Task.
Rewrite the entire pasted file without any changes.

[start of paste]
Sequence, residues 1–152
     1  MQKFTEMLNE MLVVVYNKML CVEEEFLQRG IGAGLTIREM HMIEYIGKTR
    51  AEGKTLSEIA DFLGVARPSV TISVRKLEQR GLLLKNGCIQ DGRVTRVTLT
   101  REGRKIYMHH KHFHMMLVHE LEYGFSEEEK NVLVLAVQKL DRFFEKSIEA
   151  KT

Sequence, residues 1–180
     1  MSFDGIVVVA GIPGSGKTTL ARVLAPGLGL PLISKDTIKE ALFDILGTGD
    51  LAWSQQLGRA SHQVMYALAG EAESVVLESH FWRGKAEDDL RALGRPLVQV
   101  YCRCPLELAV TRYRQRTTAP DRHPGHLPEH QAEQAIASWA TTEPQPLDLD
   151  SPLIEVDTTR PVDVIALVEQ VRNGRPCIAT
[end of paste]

Sequence, residues 1–152
     1  MQKFTEMLNE MLVVVYNKML CVEEEFLQRG IGAGLTIREM HMIEYIGKTR
    51  AEGKTLSEIA DFLGVARPSV TISVRKLEQR GLLLKNGCIQ DGRVTRVTLT
   101  REGRKIYMHH KHFHMMLVHE LEYGFSEEEK NVLVLAVQKL DRFFEKSIEA
   151  KT

Sequence, residues 1–180
     1  MSFDGIVVVA GIPGSGKTTL ARVLAPGLGL PLISKDTIKE ALFDILGTGD
    51  LAWSQQLGRA SHQVMYALAG EAESVVLESH FWRGKAEDDL RALGRPLVQV
   101  YCRCPLELAV TRYRQRTTAP DRHPGHLPEH QAEQAIASWA TTEPQPLDLD
   151  SPLIEVDTTR PVDVIALVEQ VRNGRPCIAT